"Life is either a daring adventure or nothing." Helen Keller

PARIS: Off the Beaten Path

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In Paris you can’t help but see the Eiffel Tower, wander through Notre Dame, and cock your head sideways at the Arc de Triomphe, but what about the rest of the city? Down every corner in Paris art, history, and beauty are alive, and all you have to do is keep your eyes open and you will stumble upon amazing moments. To help you find your way, here are some of the more offbeat settings that Paris has to offer.  Take note of the ones that interest you, be open to new experiences and awkward encounters, and remember: sometimes you see the best things when you are lost!


MUSEUMS: The most famous are the Louvre (antiquities and classic art), the Musee d’Orsay (Impressionism), and the Centre Georges Pompidou (modern art), but Paris has over 400 museums! Some of my preferred musees (museums):

  • Espace Salvador Dali: This exceptionally real collection of surrealist masterpieces by the weird Catalan artist Dali is tucked away in Montmartre, 9-11 rue Poulbot, Metro: Abbesses
  • Musee de l’Orangerie: A satisfying compilation of the largest versions of Monet’s waterlillies, located in the Tuileries Garden at place de la Concorde, Metro: Concorde
  • Musee Marmottan: The finest collection of Monet’s works anywhere, including the piece that gave Impressionism its name (Impression: Soleil Levant), 2 rue Louis-Boilly, Metro: La Muette
  • Musee National du Moyen-Age: Excellent Middle Ages museum in the Latin Quarter with intricate illuminated manuscripts and tapestries as well as a recreated medieval garden and the remains of an ancient Roman bath, 6 place Paul-Painleve, Metro: Cluny-La Sorbonne
  • Musee Rodin: My favorite museum in Paris with dozens of works of the acclaimed sculptor Auguste Rodin (including ‘the Thinker’) housed in his former residence and it’s garden, a serene and romantic setting, 77 rue de Varenne, Metro: Varenne
  • Musee Picasso: The largest collection in the world of the modern master, and his personal stash of artwork, 5 rue de Thorigny, Metro: St-Sebastian
  • Grande Galerie de l’Evolution: Located in the huge Jardin des Plantes, this gallery showcases the diversity of life and the taxidermied animals are great for those with children. Jardin des Plantes, Metro: Place Monge or Jussieu

COOL PLACES: Want to get away from the tourist hubs? Head toward these less-visited sites

  • La Grande Arche de La Defense: The giant, angular, modern arch (really a cube) just to the west of Paris is twice as tall as the Arc de Triomphe and is in line with the Louvre-Tuileries-Champs-Elysees corridor. An elevator will take you up top for a great view and modern art museum, but the real fun takes place down below as Parisians sit on broad steps, roller blade under crazy contemporary art sculptures, and relax by colorful fountains.  Metro: La Defense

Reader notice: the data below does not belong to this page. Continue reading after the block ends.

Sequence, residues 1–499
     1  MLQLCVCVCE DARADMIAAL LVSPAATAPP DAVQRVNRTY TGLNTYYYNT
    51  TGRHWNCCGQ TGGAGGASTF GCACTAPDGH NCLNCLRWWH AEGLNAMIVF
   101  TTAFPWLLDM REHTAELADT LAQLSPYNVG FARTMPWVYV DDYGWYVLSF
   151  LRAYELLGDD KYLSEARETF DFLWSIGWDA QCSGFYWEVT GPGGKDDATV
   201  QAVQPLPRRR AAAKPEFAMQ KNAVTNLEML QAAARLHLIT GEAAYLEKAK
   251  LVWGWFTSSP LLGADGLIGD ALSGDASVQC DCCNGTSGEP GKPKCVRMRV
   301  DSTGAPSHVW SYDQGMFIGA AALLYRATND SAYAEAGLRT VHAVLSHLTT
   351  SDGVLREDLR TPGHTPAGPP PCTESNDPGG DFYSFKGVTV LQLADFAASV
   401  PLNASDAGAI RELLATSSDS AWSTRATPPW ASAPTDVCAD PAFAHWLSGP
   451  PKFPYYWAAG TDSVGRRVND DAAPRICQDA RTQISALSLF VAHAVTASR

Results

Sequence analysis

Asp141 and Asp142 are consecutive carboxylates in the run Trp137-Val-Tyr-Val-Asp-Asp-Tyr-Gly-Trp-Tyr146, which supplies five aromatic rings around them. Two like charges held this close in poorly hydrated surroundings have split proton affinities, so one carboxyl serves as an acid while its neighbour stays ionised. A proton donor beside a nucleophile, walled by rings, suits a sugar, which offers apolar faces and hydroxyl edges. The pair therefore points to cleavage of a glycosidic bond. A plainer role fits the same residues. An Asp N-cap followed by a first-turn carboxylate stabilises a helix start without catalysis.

• Tour Montparnasse: This ugly skyscraper which sits on top of the Gare Montparnasse has one redeeming feature: from the top of it, you can’t see the Tour Montparnasse! However you do have a great view of the Eiffel Tower that you can’t get from anywhere else, and there is a highly rated restaurant, Le Ciel de Paris, at the top as well.  Metro: Gare MontparnasseMedieval Ile de la Cite (Ancien Cloitre): Though this central island is not unknown, if you venture just to the northeast of Notre Dame Cathedral you can wander through a very medieval portion of the city that most people seem never to find.  Metro: Cite
  • Catacombs: For the more gothically inspired, head down below the streets of Paris to look into the dark side of history where six million human skeletons have their bones artfully displayed by type, not owner. During the Revolution wild parties were held in these ancient Roman tunnels, and in World War II the French Resistance held secret meetings in the dark.  1, place Denfert-Rochereau, Metro: Denfert-Rochereau
  • Oberkampf: No one knows about this corner of Paris except for trendy, down-to-earth artists who claim it is the coolest new place to live. In the evening it comes alive and is full of great cafes and art galleries.  Metro: Republique or Oberkampf
  • Canal Saint-Martin: Stretching from the river Seine up to the Parc de la Villette, this three-mile canal is a pleasure to stroll with its arched wrought-iron footbridges, cobblestone paths and working locks, and the arty 10th arrondissement fits the laid-back, slow-moving waters and boats of the canal just perfectly.  Metro: Republique
  • Viaduc des Arts: Set over upscale antique and home-furnishing shops, this elevated garden-walkway runs for three miles, twenty-eight feet above the city of Paris. Great for joggers, strolling, or just to hang out.  Metro: Bastille